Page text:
Experts use the term reinforcement learning to summarize processes that learn in the form of direct feedback - but not by providing training examples. Well-known application scenarios for this form of learning are learning to play games such as chess, Go or various computer games.
Regardless of the method chosen, a model can identify relationships and provide new insights. This ability gives rise to a wide range of possible uses:
Early warning systems in mechanical engineering in which the system learns to interpret the mechanisms that lead to machine failure at an early stage (predictive maintenance).
The partially or fully automatic recognition of relevant text passages in unstructured documents, for example in the process of reporting damage in insurance companies.
Automatic procedures for discovering and preventing acts of fraud in the finance or insurance industry, the so-called fraud detection.
The models can now even be used as an autonomous cameraman. The Essen start-up soccerwatch.tv offers a solution that takes over the camera work during a soccer game. Here an AI model was successfully trained that can independently select relevant camera positions and settings.
The right solution emerges from the right combination
Complex systems usually use different AI methods. The following use case from the banking environment shows how methods interact.
The fund managers in banks rely on in-house advisors for their investment decisions. These experts read and evaluate analyzes, for example on the development of industrial sectors in different regions of the world. However, it is almost impossible for individuals or teams to keep an eye on all the relevant sources of information and then to be able to access the relevant knowledge about the relationships. AI processes make it possible to analyze reports automatically and then make the content available in the form of natural speech output.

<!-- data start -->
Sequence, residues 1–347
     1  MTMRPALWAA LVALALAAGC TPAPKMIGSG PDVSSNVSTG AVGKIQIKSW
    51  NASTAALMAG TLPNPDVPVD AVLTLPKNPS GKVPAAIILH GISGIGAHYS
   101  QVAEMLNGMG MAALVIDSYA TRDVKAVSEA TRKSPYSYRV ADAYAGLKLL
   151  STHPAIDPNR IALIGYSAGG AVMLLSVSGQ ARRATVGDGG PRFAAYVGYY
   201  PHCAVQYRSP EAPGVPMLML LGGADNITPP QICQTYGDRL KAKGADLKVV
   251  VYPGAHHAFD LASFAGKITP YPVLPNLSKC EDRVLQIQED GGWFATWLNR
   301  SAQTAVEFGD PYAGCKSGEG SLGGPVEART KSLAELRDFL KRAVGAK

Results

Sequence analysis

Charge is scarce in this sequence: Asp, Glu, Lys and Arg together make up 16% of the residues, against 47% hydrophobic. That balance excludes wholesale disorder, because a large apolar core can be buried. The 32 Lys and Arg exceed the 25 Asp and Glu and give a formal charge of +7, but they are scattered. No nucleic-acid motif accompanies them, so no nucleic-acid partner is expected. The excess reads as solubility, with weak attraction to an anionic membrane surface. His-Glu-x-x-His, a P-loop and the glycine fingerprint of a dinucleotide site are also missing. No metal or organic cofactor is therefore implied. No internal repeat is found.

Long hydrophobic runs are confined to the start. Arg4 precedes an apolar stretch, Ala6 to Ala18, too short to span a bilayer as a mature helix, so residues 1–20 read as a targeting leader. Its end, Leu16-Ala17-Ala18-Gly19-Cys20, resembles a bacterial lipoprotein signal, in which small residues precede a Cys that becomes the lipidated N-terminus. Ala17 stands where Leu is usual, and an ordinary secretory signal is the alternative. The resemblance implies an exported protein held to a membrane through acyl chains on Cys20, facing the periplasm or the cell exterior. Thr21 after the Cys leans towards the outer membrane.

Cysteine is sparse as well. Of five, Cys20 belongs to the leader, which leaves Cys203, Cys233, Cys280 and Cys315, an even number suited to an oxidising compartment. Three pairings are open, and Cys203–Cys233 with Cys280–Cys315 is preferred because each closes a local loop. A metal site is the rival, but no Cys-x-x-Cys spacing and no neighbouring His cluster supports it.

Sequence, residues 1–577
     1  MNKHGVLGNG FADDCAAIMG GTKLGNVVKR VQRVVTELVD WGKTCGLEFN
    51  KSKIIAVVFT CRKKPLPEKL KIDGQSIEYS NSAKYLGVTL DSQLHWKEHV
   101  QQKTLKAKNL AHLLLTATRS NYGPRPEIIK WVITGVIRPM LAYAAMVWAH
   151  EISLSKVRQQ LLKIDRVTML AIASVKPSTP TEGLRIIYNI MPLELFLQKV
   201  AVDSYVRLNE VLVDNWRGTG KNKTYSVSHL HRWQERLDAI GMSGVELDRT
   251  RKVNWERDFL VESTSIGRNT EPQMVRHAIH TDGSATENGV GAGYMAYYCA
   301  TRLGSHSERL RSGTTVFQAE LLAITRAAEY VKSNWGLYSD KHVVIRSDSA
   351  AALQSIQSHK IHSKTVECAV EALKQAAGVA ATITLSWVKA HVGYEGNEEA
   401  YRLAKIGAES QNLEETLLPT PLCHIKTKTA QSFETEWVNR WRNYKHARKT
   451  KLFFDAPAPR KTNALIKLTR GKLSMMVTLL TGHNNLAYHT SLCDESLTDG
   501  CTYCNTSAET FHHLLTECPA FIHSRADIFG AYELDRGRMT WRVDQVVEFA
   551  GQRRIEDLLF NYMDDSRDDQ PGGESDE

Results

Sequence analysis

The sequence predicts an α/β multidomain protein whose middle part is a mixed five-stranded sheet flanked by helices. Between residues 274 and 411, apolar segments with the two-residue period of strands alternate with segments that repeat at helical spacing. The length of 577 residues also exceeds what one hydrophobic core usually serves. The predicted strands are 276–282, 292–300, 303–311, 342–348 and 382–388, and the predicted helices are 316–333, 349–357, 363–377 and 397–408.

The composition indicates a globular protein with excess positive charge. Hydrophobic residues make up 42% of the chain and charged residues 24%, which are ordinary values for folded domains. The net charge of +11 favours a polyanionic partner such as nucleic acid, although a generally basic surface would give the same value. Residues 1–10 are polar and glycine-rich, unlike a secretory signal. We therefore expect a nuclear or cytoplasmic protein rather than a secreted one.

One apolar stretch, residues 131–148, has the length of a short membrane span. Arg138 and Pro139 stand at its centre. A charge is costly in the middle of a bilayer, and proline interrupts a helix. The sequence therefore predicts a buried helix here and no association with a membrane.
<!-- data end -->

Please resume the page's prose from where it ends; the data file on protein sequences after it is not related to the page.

With the help of methods of natural language processing, texts are analyzed and information is extracted that can be processed by machines, that is: that can be "understood" by machines. In contrast to most people, a text simply represents a set of characters without meaning (semantics) for a machine. The information obtained in this way is fed into a system. This contains a complex model that can suggest investment decisions.
The financial experts can send the request for an investment recommendation in the form of natural language: "Please give me an investment recommendation with a focus on Asian markets in the 'income-oriented' risk class." The voice signal is then translated into text using the same processes that systems such as Amazon Alexa, Google Home, Apple Siri or Microsoft Cortana use. This is mostly machine learning based on neural networks. In the text recorded in this way, the system then recognizes the aim of the questioner, the so-called intent. The knowledge representation system generates the investment recommendation from this intent, which is then read out.
In this use case alone, methods of natural language processing, knowledge representation and machine learning work together to provide the desired functions.
Differentiate clearly when planning
The examples and explanations show that there are a number of different methods, processes and technologies behind the topic of AI. In order for a project to achieve the desired success and meet all regulatory requirements, the parties involved must differentiate clearly during planning. It is crucial to select individual components in such a way that they all meet the requirements for transparency and traceability. Often there is more than one path to the goal - but not all paths are open to a company.